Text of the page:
01 February 2010
Aerospace firm reverse engineers ageing planes with hand-held scanner
Texas-based M7 Aerospace says that its maintenance, repair and overhaul services have been transformed since installing Z Corporation's portable 3D laser scanners.
The system, which can quickly scan very large objects on hand-held scanning equipment, means that M7 can now capture the entire surface of, for example, an old Fairchild Metroliner 19-seat commuter-class turboprop aircraft down to 0.1 mm resolution, within three days.
Joe Furnish, M7 Aerospace vice president of engineering services, says that means his company can now offer a new service to scan any aircraft – exterior, interior or both – creating precise, 3D portraits of entire planes down to one-thousandth of an inch to gain engineering data hitherto buried in out-of-date 2D drawings that also fail to reflect manufacturing variations, modifications, damage or wear and tear.
"Even if the [engineering] team is operating multiple scanners and laptops, the ZScanner brings it all together into one point cloud," explains Furnish. "No file repair is required. The software understands what it's looking at."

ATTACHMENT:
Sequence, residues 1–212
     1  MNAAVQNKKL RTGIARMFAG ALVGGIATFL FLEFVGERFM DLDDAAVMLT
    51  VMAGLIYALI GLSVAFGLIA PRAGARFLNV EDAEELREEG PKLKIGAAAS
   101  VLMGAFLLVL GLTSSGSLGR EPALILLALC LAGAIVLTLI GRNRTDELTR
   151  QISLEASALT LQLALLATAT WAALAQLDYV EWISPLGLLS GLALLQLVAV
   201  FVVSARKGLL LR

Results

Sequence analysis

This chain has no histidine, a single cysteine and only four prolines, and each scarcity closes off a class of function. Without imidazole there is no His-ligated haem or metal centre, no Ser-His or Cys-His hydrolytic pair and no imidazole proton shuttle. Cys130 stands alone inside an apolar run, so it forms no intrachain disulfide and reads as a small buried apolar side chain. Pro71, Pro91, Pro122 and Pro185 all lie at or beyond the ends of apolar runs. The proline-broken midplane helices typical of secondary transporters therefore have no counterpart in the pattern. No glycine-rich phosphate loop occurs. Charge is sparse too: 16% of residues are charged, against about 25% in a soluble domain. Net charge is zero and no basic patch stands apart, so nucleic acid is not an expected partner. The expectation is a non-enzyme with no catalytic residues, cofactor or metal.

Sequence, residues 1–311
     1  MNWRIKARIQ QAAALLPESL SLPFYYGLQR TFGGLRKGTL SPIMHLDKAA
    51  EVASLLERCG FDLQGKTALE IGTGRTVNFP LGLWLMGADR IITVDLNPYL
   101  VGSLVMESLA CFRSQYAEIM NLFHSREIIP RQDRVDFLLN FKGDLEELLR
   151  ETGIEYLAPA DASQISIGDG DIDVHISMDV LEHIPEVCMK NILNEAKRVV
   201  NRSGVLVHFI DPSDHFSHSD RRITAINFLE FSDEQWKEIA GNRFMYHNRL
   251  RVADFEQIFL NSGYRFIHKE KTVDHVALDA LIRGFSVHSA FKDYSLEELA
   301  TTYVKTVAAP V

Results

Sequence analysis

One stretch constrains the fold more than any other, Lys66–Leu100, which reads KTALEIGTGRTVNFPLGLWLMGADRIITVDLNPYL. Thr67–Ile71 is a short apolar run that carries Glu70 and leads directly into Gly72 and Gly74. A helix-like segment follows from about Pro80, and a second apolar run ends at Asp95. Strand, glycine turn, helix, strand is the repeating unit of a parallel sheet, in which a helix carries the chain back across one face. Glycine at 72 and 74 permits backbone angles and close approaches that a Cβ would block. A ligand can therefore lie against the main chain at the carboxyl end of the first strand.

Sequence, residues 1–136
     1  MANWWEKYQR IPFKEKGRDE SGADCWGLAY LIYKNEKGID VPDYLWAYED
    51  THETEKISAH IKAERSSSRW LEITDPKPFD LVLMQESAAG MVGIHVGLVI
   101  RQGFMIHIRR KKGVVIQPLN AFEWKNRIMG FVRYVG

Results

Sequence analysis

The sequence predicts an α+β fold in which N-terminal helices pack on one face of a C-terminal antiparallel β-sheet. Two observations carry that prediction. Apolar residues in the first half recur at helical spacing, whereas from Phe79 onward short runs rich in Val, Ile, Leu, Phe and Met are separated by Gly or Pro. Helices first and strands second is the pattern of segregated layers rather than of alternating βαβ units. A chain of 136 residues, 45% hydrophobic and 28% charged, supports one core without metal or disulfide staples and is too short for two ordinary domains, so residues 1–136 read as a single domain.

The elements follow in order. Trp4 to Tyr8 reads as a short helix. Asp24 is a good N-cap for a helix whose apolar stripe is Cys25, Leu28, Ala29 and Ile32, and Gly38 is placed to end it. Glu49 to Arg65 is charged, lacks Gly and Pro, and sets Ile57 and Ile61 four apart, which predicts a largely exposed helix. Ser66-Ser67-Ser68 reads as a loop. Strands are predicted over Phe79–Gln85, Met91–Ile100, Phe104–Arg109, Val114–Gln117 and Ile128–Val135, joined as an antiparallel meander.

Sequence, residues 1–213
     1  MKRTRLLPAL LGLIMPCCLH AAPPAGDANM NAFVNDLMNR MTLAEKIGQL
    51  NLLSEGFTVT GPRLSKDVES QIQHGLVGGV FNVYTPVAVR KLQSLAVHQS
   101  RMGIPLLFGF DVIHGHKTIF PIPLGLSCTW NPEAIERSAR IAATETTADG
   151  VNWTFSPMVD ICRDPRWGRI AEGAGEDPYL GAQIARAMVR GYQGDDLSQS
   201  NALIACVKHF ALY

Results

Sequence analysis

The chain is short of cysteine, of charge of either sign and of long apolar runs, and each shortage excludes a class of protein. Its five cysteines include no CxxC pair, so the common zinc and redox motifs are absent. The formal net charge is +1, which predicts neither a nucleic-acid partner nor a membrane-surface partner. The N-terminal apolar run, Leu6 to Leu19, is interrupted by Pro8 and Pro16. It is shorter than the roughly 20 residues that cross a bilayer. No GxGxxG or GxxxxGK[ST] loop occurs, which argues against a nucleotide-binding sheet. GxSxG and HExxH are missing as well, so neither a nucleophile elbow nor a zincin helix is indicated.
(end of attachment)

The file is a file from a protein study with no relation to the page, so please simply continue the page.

When the scanned file is complete, M7 imports the file into Catia as a parametric solid model that is editable, just like any other part designed in CAD. "At this stage, M7 has its engineering information in 3D, and ready to use for quicker, more accurate and more economical service," comments Furnish.
He sees a growing need for both government and commercial customers to keep older aircraft flying and productive. "This new scanning capability helps us do that. By automatically capturing deep engineering data, we can more quickly and efficiently reverse-engineer aircraft and components that were originally designed in the 2D era — before 3D CAD was readily available," says Furnish.
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